Sunflower oil-in-water emulsions, like salad dressings and mayonnaise, have a shelf life of 6-12 months at room temperature. The shelf life of these emulsions is usually limited by lipid oxidation leading to the formation of undesirable components such as free radicals and reactive aldehydes which result in rancid notes. Various factors have been reported to induce lipid oxidation in emulsions during storage, thereby limiting the shelf life of oil-in-water emulsions. Antioxidants are added to emulsions to retard lipid oxidation. The effectiveness of these antioxidants can be evaluated over the 6-12 month shelf life period, but this has time and cost implications. There is a need for valid accelerated methods that can be used to measure the efficiency of antioxidants in commercial oil-in-water emulsions. This study is aimed at gaining a better understanding of how antioxidant levels influence oxidation of commercial sunflower oil salad dressing emulsions, when exposed to a combination of oxidation acceleration factors.
Therefore the first part of this study will focus on the effect of high and low concentrations of two antioxidants with different antioxidant mechanisms [gallic acid and ethylene diamine tetraacetate (EDTA)] in a commercial sunflower oil salad dressing emulsion (SOSDE) stored at accelerated deterioration and ambient conditions. SOSDEs stored at accelerated storage conditions contained four pro-oxidation factors (temperature increase to 32.2C, addition of specific potential pro-oxidants FeSO4 and ascorbic acid and adjustment of pH to 5.5). The combination of these pro-oxidants and the their concentrations are based on research to optimise the development of lipid oxidation in oil-in-water emulsions. SOSDEs were examined by sensory (aroma evaluation by a trained sensory panel) and chemical analyses (anisidine value and peroxide value) daily for 20 days for accelerated stored products and bi-weekly for 24 weeks for ambient stored products. Sensory differences between products with high and low concentrations of antioxidants were more apparent for ambient stored than accelerated stored SOSDEs. Accelerated storage resulted in more aroma differences between SOSDEs with different types of antioxidants than between high and low antioxidant concentrations. Peroxide value (PV) differences between products with high and low concentrations of antioxidants were apparent for SOSDEs with EDTA stored under accelerated shelf life conditions, with higher concentrations resulting in significantly lower PV. Anisidine value (AV) differences existed between SOSDEs with different gallic acid concentrations stored in accelerated conditions (with AccLoGal (accelerated storage conditions, low concentration, gallic acid)) significantly lower AV than AccHiGal (accelerated storage conditions, high concentration, gallic acid) and ambient shelf life conditions (with AmbHiGal (ambient storage conditions, high concentration, gallic acid)) significantly lower AV than AmbLoGal (ambient storage conditions, low concentration, gallic acid), and SOSDEs with different EDTA concentrations stored in accelerated shelf life conditions (with AccHiEDTA (accelerated storage conditions, high concentration, EDTA)) significantly lower AV than AccLoEDTA (accelerated storage conditions, low concentration, EDTA). These results suggest that: 1) the accelerated storage model used in this study is more suitable to predict the shelf life changes of SOSDEs with metal chelator antioxidants such as EDTA, rather than free radical scavenging antioxidants such as gallic acid. This may be due to the addition of FeSO4 as a potential pro-oxidant. 2) PV and AV are more sensitive oxidation markers than aroma analysis when using the accelerated storage model, and 3) PV, AV and aroma of SOSDEs stored in accelerated conditions as used in this study, do not clearly predict results for ambient stored SOSDEs.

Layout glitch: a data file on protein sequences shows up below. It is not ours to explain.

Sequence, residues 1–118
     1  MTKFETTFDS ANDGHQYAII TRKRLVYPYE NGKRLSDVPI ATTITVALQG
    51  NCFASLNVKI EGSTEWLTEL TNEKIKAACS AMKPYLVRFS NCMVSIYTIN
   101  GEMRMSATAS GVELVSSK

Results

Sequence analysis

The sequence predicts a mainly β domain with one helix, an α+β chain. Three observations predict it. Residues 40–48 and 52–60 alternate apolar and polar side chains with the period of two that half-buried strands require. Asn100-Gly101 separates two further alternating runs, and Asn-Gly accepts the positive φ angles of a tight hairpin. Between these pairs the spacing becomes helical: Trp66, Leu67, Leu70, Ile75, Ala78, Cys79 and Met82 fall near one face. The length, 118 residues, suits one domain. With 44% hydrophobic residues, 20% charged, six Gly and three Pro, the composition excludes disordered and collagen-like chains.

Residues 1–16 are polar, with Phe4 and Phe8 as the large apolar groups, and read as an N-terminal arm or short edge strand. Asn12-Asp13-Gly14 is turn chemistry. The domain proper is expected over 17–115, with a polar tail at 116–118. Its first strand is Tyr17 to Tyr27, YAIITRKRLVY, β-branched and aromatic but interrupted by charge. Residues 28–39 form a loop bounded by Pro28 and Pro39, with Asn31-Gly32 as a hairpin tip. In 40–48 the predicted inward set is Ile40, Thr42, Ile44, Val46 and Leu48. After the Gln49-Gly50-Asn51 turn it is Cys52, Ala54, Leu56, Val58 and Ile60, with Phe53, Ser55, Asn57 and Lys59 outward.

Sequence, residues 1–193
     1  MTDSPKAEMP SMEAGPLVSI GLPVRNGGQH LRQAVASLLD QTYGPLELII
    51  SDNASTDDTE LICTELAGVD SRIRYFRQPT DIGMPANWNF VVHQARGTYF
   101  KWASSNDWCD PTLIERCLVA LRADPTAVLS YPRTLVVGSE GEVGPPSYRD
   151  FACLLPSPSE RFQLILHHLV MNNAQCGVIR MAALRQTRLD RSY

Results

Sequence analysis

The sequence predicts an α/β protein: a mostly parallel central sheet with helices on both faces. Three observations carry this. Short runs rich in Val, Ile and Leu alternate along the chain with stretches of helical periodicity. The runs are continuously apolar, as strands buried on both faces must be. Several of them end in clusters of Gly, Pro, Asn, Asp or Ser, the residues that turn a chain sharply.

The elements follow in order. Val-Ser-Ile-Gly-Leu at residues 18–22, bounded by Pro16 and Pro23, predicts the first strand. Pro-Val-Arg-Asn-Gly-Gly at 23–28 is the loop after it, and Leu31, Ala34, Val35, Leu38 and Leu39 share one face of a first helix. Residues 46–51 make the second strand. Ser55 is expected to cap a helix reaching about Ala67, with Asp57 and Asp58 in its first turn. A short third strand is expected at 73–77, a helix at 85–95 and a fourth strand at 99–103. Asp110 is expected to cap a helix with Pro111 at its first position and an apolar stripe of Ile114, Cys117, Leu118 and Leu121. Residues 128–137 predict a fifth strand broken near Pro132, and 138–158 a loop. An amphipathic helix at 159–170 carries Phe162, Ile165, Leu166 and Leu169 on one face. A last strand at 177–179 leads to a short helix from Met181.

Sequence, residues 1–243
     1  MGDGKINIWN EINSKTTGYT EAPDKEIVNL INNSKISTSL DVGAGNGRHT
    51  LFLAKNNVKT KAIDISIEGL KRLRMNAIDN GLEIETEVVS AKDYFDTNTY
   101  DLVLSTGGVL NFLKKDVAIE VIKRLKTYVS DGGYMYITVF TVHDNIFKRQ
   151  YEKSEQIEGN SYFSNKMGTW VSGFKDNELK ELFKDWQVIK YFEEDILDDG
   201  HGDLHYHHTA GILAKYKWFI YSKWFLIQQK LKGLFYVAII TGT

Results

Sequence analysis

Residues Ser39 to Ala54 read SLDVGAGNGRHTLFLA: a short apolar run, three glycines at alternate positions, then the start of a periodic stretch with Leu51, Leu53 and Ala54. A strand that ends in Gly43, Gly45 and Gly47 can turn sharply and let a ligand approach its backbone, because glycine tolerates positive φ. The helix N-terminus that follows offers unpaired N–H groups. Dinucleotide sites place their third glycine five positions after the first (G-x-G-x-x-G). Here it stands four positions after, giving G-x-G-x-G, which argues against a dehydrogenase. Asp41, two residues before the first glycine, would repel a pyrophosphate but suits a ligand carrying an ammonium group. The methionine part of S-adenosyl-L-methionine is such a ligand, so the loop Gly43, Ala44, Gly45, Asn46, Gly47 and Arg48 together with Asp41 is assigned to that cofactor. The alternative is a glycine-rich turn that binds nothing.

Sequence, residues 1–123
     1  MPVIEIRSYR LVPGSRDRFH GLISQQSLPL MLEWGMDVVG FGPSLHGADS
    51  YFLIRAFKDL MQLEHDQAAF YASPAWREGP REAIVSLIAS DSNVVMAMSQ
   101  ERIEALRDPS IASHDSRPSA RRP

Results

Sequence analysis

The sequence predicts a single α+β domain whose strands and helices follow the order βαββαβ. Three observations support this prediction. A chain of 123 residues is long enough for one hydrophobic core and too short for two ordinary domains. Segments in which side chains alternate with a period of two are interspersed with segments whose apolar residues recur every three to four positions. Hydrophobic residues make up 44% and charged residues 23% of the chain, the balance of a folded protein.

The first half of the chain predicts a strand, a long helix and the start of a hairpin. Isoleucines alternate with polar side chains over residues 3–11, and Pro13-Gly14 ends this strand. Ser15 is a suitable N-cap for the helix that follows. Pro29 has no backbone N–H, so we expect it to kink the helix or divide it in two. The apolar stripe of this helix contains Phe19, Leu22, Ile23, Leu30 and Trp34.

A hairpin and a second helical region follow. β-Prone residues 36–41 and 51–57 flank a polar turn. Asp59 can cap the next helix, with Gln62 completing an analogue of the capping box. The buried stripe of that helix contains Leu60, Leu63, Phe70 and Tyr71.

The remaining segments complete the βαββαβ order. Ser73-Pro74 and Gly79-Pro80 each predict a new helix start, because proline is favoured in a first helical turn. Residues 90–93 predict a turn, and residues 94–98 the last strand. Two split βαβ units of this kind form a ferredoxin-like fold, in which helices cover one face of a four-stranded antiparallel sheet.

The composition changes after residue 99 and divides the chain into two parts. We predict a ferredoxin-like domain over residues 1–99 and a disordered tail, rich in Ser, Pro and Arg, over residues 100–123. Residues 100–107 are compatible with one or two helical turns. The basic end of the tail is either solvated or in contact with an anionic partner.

The second part of the study focused on identifying key sensory attributes associated with the development of lipid oxidation and rancidity that can be used as predictors for end of shelf life during shelf life testing of oil-in-water emulsions. A multivariate accelerated shelf life test (MASLT) was applied to the aroma profiles of SOSDEs with different antioxidant treatments and storage conditions. Addition of antioxidants to the SOSDE decreased the rate constant of change in aroma of lipid oxidation compared to the SOSDE with no antioxidants added. Accelerated storage negatively affected the shelf life of SOSDEs, and all SOSDEs containing antioxidants, stored in accelerated storage conditions had a higher lipid oxidation rate constant compared to those stored at ambient. Shelf life studies require the identification of an attribute that has the highest impact on the quality of the product or shows the most change over the shortest time period, through multivariate analysis it is concluded that pungent aroma is associated with early stage of ambient and accelerated storage and cardboard aroma is associated with later stages of ambient and accelerated storage and therefore the most probable predictors of shelf life in SOSDEs.
Although accelerated storage, using the storage conditions applied here, did not predict ambient storage of SODEs well enough, it seems that MASLT has the potential to screen potential effectiveness of antioxidants, including the most probable aroma shelf life predictors pungent and cardboard, in as little as 20 days before commencing with shelf life trial that may take up to two years. Analysis of more time intervals for longer periods during accelerated and ambient shelf life conditions may lead to better correlation and therefore predictability capacity of the accelerated storage.
Thesis (PhD (Food Science))--University of Pretoria, 2019.